The site development agreement between the City of Newburgh and Kearney Realty & Development Group for the redevelopment of properties at 140 and 146 Montgomery St. and 137 Smith St passed with a 6-1 vote on Tuesday, October 11.
Request for proposals [RFPs] had been sent out by the city seeking to redevelop the parcels that have remained vacant for years. Two submissions for redevelopment were submitted to the city council by The Kearney Group, along with Liberty Street Partners.
Both firms presented their own ideas and presentations for redevelopment of the land and both project submissions were reviewed by the mayor’s Strategic Economic Development Committee [SEDAC]. Members of SEDAC appeared before the city council and voiced their support of the Kearney Group’s proposal over the other proposal. The Kearney Group’s project proposes a mixed-use mixed-income development on the three parcels with a central greenway, an on-site property manager and several retail spaces. The properties, which consist of several wooded areas, are adjacent to the Horizons-on-the-Hudson Elementary School, the Varick Homes apartments and the Bourne Apartments.
One of the major discussion points involving this project for the past few months was the recognition of the land as designated Urban Renewal land within the city. The process of Urban Renewal came into the city during the 1960s and properties along the Newburgh Waterfront and East End neighborhoods were destroyed. Most of the properties in that proportion of the city were notably owned by Black homeowners and business owners. Today, there are several hills along Water St. that have remained vacant for years and the Newburgh Waterfront properties on the opposite side of the CSX rail line have remained and serve as attractions for residents and city visitors. Conservation efforts have led to the creation of the East End Historic District [EEHD] that remains.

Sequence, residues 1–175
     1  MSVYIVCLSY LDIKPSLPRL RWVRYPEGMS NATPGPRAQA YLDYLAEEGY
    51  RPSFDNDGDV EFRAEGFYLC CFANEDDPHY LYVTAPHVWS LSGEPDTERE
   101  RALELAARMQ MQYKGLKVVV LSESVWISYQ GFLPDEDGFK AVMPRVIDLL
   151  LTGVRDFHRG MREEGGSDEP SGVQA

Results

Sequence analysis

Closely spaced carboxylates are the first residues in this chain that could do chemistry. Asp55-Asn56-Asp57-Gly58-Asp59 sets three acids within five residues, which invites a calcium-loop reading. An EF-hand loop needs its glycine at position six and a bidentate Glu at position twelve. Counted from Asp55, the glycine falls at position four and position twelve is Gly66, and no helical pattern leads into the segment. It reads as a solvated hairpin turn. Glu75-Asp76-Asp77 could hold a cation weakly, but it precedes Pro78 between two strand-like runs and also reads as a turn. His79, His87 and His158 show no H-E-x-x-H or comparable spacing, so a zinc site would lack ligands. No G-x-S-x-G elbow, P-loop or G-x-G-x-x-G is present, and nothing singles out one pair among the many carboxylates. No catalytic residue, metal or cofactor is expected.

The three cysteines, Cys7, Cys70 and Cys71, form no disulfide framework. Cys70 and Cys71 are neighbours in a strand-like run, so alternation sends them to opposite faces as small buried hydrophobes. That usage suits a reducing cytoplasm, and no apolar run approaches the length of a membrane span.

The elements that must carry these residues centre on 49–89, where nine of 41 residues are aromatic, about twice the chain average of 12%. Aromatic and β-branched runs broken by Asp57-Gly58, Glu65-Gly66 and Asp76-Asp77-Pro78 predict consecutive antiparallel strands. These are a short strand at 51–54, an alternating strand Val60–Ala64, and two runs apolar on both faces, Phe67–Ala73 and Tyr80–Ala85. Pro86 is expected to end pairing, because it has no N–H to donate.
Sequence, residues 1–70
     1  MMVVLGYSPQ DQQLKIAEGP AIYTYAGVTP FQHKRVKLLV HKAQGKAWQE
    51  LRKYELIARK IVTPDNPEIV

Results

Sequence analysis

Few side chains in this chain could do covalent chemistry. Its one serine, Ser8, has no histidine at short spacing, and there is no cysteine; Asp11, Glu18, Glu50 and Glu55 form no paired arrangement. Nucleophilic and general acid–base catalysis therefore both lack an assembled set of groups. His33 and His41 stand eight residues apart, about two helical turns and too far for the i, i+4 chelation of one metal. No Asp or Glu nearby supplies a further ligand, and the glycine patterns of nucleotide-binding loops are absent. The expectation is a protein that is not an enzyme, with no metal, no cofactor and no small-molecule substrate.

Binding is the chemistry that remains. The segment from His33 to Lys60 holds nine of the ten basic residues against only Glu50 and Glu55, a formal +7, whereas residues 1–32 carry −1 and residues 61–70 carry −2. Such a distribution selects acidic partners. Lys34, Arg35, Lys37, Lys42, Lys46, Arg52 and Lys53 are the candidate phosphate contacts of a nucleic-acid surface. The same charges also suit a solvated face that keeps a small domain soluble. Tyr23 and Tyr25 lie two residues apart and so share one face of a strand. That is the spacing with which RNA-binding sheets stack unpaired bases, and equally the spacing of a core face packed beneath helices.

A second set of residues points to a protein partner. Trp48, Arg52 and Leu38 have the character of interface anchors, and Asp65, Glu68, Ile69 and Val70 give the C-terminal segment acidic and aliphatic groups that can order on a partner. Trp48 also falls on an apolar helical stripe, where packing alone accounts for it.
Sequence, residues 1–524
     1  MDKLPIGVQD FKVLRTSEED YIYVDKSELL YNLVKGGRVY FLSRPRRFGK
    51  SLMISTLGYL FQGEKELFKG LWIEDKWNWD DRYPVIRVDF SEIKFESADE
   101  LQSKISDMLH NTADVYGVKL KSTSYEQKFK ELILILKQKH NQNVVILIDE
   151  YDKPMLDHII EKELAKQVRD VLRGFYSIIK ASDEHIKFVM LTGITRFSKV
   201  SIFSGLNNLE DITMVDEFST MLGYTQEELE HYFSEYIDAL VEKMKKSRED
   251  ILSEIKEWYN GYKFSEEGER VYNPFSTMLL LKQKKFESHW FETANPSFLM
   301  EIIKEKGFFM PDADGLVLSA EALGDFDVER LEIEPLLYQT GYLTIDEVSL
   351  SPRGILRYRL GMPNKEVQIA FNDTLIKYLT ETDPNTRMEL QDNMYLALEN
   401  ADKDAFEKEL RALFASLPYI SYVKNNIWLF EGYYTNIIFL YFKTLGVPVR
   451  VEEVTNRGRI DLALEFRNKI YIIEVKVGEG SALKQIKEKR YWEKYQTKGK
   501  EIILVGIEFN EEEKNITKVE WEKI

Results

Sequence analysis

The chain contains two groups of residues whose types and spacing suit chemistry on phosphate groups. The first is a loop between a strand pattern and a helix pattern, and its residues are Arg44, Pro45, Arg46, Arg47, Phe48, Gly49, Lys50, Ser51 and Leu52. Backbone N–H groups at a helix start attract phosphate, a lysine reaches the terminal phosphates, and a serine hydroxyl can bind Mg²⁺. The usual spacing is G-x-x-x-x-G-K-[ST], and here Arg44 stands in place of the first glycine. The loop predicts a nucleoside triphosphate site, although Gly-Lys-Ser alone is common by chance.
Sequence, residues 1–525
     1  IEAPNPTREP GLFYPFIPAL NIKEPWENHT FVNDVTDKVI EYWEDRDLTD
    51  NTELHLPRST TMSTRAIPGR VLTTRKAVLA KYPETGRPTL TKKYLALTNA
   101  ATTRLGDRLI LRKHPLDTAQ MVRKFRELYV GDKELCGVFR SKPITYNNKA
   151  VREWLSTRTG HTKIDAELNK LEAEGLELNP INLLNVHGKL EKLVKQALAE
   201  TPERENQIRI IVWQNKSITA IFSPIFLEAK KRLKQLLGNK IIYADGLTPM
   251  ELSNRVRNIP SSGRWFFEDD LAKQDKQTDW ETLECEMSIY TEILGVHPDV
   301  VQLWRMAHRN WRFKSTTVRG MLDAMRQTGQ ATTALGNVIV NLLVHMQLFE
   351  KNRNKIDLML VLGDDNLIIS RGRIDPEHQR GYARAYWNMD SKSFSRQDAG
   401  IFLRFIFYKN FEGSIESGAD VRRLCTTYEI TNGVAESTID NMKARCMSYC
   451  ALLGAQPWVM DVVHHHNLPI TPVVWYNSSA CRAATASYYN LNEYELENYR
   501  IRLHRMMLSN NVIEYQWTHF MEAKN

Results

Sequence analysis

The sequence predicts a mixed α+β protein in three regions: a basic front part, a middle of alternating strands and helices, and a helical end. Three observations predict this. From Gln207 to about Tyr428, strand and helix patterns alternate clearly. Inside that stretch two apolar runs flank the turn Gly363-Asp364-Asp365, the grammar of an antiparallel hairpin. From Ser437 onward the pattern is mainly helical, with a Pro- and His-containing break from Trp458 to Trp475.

A digital media project, funded by the National Park Service African American Civil Rights Program Grant in the amount of $50,000, was to be conducted through the Sound and Story Project of the Hudson Valley. No public updates to this particular project have been made since a public meeting was held back in July at the Boys and Girls Club.